Some excerpts (but go to the full post--it's worth it):
Community service has been the orchestral buzzword for the past decade as orchestras have grappled with competition from new media and other art forms, and the loss of our privileged position in the minds of the media, academia, philanthropy and business. We ask ourselves whether we can educate enough people so that they’ll support us in the fixture. Have we isolated ourselves via the traditional concert experience? Will performing in nightclubs or grocery stores reach new audiences? How can we reach the underprivileged youth of our cities in order to share our music with them and try to somehow replace the loss of the substantive public school music education most of us had?
While these ideas intrigue us and excite some of our major funders, we question whether this will harm our responsibility to the art form. We’ve spent decades trying to build longer subscription seasons with thoughtful, challenging programming, sufficient rehearsal time, good conductors and an ever-rising level of playing. The level of playing and access to strong performances of the full repertoire is better that it has ever been. Will a new emphasis on community service harm the artistic quality we’ve worked so hard to develop? Did I practice and sacrifice so much just to end up in a string quintet hacking through March of the Toreadors in a shopping mall somewhere?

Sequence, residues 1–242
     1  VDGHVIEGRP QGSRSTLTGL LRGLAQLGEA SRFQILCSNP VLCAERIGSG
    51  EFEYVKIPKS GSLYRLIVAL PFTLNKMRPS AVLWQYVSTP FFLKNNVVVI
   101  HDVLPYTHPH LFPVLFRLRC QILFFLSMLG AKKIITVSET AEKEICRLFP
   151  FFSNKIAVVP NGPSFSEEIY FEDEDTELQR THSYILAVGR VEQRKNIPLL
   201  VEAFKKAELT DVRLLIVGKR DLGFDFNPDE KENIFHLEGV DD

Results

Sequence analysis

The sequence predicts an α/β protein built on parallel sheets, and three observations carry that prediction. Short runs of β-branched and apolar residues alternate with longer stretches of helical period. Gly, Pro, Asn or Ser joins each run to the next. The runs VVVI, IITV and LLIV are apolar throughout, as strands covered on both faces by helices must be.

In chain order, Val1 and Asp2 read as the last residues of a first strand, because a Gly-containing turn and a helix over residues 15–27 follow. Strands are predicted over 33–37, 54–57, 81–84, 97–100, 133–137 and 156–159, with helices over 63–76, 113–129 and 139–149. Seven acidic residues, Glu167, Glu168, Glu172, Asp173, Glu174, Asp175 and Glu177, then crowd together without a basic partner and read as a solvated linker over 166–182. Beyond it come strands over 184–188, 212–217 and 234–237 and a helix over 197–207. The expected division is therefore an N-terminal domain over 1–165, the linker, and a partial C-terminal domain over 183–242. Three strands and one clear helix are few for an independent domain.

These are all good questions, but they’re the wrong ones.
I’d like to propose 3 simple questions to replace them:
. . .
- Who are our audiences? (emphatically plural)
- How can we touch individual members of our audiences?
- What do we do to build on that relationship?
I tell my students that music is a great way to communicate human emotion. If you’re feeling angry or insecure, music is a great way to share that with your listeners. It’s also an incredible way to communicate an aching love for beauty, to share that desire for something beyond us. At its best, music reaches from one heart to another, or even to many.
Once we’ve touched someone like that, they want to get to know us. They want to spend time with us, to feel a sense of pride and ownership.In Cleveland, Apollo’s Fire and CityMusic do a great job of inspiring and building this relationship. Their audiences love to hear AF music director Jeanette Sorrell greet them and share her ideas about the pieces. CityMusic serves cookies at intermission so the musicians and audience can mingle and both orchestras play in venues that have the musicians and audience in close proximity. People feel an emotional connection with the music and the performers.